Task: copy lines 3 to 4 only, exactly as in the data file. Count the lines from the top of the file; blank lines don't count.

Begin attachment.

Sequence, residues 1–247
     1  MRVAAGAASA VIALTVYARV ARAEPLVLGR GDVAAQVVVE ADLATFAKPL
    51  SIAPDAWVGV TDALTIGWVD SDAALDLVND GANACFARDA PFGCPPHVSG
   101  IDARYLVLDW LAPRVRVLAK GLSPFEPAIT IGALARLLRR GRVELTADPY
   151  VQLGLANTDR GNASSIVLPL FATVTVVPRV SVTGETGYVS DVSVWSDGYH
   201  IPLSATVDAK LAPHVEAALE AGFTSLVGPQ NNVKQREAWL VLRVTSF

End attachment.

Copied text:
    51  SIAPDAWVGV TDALTIGWVD SDAALDLVND GANACFARDA PFGCPPHVSG
   101  IDARYLVLDW LAPRVRVLAK GLSPFEPAIT IGALARLLRR GRVELTADPY